Space station activities are moving forward amidst the Soyuz mix
WASHINGTON — It’s pretty much business as usual at the International Space Station as NASA adjusts its current activities and future plans to Russia’s decision to replace a damaged Soyuz spacecraft docked there.
NASA astronaut Nicole Mann and JAXA astronaut Koichi Wakata will conduct a spacewalk Jan. 20 to install a mounting bracket for a new solar array that will be delivered to the station on a future cargo mission. The spacewalk, the first by any astronaut, is scheduled to last from six and a half to seven hours.
Spacewalks are a sign that activities on the space station are continuing largely unaffected Damage to the Soyuz MS-22 spacecraft docked there on December 14th That Roscosmos and NASA have attributed a precise meteorite hit. The accident damaged the spacecraft’s radiator and caused a coolant leak.
The two agencies announced on January 11 that They concluded that the spacecraft could not safely return to Earth with its three-man crew Roscosmos cosmonauts Sergey Prokopyev and Dmitry Petlin and NASA astronaut Frank Rubio. Instead, a new Soyuz spacecraft, Soyuz MS-23, will be sent to the station uncrewed to replace Soyuz MS-22, which will return to Earth, also uncrewed.
On January 18, astronauts transferred a custom-fitted Rubio seat liner from Soyuz MS-22 to the Crew Dragon spacecraft docked at the station. In the event of an emergency requiring crew evacuation, Rubio would return aboard Crew Dragon while Prokopyev and Petelin departed on Soyuz MS-22.
“We think that will take some of the heat load off the Soyuz spacecraft and will help us with the overall situation,” Dina Kontella, operations integration manager for the International Space Station Program at NASA, said during a Jan. 17 briefing about the upcoming spacewalk. .
Transferring Rubio’s seat to Crew Dragon is only a temporary measure. After the Soyuz MS-23 arrives at the station, its seat liner, along with the Prokopyev and Petelin seats, will be transferred to the Soyuz MS-23. Soyuz MS-23 is scheduled to launch on February 20, docking with the station two days later.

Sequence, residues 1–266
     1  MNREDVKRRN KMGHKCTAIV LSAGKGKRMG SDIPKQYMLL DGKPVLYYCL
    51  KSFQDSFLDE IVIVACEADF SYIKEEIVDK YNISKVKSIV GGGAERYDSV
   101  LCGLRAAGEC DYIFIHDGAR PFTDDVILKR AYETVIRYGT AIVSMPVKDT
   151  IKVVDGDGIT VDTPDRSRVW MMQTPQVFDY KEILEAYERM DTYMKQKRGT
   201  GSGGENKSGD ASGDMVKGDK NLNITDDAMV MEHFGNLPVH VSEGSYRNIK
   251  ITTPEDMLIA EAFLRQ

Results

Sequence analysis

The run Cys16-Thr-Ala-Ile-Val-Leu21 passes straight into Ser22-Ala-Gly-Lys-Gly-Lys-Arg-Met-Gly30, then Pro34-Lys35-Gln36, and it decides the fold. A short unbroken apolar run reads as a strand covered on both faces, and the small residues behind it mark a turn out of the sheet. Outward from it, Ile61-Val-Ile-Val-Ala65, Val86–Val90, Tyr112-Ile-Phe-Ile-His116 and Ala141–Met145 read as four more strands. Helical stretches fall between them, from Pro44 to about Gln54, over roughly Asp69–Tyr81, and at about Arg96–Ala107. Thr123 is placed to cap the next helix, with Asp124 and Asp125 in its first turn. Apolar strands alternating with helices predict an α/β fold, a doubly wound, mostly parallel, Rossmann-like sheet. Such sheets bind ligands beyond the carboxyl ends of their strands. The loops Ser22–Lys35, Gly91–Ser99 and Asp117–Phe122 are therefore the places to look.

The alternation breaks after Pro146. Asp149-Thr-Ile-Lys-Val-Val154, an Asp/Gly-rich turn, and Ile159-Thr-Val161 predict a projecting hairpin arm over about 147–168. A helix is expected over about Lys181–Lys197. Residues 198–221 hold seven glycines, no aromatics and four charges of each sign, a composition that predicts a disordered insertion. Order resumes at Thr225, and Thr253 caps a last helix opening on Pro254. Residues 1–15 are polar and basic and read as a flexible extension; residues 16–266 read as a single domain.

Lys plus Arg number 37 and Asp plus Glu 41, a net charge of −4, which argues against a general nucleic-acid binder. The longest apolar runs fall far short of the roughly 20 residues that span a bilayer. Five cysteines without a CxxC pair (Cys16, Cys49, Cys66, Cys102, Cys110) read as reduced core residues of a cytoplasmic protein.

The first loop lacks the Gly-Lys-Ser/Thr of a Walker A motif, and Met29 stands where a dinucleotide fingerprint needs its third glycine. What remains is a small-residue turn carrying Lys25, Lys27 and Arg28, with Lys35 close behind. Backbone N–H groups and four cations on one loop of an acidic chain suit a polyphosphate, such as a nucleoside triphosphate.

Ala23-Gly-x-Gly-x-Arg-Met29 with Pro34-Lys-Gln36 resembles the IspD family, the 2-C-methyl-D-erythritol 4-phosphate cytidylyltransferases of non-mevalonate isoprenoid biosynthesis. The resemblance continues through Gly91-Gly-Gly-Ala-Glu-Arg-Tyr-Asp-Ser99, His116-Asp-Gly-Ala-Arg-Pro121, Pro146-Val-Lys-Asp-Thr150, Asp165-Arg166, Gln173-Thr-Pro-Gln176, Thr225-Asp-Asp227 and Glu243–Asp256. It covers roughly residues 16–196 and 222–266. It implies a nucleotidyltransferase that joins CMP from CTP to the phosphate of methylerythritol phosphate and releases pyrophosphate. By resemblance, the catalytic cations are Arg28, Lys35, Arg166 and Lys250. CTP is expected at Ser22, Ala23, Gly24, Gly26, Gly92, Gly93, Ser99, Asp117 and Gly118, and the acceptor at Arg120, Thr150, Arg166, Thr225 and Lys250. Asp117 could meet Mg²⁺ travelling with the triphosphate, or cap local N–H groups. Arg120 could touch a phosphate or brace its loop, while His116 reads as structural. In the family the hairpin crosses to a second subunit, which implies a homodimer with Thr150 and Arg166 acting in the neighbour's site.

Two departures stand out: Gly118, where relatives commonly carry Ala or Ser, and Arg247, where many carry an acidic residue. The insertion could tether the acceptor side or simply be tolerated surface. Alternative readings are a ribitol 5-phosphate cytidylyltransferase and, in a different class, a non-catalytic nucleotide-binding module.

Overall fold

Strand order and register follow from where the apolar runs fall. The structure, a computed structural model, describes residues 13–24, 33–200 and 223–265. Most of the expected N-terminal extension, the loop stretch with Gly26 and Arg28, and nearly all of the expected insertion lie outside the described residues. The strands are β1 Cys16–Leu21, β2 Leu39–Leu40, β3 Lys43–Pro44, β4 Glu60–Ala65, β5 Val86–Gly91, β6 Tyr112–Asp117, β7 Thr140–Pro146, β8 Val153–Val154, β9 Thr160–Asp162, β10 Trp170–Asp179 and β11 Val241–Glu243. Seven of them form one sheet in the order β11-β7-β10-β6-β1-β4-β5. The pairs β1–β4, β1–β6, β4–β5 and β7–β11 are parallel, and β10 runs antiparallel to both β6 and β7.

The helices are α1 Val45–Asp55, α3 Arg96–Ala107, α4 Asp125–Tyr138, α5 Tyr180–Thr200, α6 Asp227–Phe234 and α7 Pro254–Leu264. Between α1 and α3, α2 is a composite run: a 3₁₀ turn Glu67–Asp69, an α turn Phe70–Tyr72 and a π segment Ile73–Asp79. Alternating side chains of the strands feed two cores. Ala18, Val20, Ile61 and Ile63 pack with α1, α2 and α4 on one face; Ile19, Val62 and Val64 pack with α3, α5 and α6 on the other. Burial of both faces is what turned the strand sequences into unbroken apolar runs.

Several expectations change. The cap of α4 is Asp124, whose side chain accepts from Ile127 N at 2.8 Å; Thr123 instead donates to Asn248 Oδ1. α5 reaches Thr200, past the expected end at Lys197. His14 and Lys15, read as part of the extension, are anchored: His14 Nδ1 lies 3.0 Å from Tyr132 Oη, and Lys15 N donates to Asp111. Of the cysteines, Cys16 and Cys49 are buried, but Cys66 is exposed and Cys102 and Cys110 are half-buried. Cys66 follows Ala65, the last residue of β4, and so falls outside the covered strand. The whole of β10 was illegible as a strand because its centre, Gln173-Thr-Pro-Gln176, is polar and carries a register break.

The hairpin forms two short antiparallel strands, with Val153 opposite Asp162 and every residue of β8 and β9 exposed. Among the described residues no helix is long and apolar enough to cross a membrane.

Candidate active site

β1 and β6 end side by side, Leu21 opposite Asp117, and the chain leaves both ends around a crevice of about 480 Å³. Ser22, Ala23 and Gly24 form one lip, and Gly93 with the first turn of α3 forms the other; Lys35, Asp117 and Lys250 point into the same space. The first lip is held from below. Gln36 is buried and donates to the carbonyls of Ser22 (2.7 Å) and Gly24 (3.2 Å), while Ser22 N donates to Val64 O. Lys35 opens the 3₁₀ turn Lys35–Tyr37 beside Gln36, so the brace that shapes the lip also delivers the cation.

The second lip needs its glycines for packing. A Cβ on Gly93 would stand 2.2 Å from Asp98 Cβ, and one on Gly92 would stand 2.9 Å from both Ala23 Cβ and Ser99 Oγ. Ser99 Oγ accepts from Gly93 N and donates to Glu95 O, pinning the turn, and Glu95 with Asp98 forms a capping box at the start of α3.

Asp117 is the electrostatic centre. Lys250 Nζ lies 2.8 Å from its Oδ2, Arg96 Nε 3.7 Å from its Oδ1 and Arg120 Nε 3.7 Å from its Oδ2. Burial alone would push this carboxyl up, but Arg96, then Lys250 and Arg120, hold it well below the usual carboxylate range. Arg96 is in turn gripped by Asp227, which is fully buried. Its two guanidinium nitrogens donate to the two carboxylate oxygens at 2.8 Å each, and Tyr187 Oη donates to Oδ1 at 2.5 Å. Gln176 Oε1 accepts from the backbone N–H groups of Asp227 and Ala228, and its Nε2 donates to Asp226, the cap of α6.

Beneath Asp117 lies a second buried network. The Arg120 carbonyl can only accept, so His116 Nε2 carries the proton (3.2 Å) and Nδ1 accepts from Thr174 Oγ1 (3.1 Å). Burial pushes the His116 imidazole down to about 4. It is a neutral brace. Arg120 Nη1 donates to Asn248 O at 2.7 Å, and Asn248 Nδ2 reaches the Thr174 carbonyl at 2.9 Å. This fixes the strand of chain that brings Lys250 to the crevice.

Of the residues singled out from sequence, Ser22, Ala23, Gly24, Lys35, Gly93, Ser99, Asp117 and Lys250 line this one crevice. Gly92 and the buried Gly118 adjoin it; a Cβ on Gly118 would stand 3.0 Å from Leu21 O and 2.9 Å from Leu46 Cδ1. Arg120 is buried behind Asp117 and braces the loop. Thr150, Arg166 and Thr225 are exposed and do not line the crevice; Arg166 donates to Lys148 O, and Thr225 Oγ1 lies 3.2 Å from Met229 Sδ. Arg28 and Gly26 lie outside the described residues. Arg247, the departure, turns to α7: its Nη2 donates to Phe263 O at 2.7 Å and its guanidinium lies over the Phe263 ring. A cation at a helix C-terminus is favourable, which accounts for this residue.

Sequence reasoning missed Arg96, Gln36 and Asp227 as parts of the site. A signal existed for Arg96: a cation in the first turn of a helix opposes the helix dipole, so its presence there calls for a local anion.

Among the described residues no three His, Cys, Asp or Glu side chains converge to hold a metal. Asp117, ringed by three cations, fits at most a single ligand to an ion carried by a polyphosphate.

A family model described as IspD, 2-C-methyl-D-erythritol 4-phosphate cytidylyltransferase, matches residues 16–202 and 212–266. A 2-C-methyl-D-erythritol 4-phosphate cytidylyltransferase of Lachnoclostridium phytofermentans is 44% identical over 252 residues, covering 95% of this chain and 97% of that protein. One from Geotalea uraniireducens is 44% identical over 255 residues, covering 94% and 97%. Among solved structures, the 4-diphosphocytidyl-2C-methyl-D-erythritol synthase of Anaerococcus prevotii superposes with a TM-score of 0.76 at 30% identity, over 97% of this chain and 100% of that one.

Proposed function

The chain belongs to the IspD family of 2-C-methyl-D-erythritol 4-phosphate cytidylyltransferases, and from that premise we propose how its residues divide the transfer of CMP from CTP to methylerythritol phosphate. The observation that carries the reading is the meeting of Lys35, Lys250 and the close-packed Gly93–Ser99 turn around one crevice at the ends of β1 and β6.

The launch of Soyuz MS-23 will slightly delay the launch of Crew-6 Crew Dragon. In a press conference on Jan. 11, NASA said it will take up to two weeks to revise the schedule for both that mission and other flights to the station in the near future. Contella said at the spacewalk briefing that Crew-6 was scheduled to launch in mid-to-late February, with Crew-5 Crew Dragon returning a few days later.
The Crew-6 mission includes astronaut Sultan Al Neyadi of the United Arab Emirates. The Mohammed bin Rashid Space Center in the United Arab Emirates announced on January 19 that the Crew-6 mission was scheduled to launch no later than February 26, about a week later than previously planned.
Kontella said Crew-6 will be followed by the Dragon cargo mission, CRS-27, in March. This will in turn be followed by a Cygnus cargo spacecraft, NG-19, though it did not say when it would launch. NG-19 will be the last Cygnus spacecraft to be launched on the current version of the Antares rocket as Northrop Grumman is working with Firefly Aerospace on a new first stage of the vehicle.
The decision to replace Soyuz MS-22 with Soyuz MS-23 means that Prokopyev, Petelin and Rubio will extend their stay on the International Space Station. The three were originally scheduled to return to Earth in March, but will stay for up to six more months. Kontella said they will likely return in late September, about a year after they arrived. “We are looking at the exact timing of that, but at this point, that would be when the car is planned to go home.”
The Soyuz coolant leak occurred while Prokopyev and Petlin were preparing for the spacewalk, which was canceled as a result and has not yet been rescheduled. “Our Russian colleagues are working on their future plans for spacewalks at this point,” she said.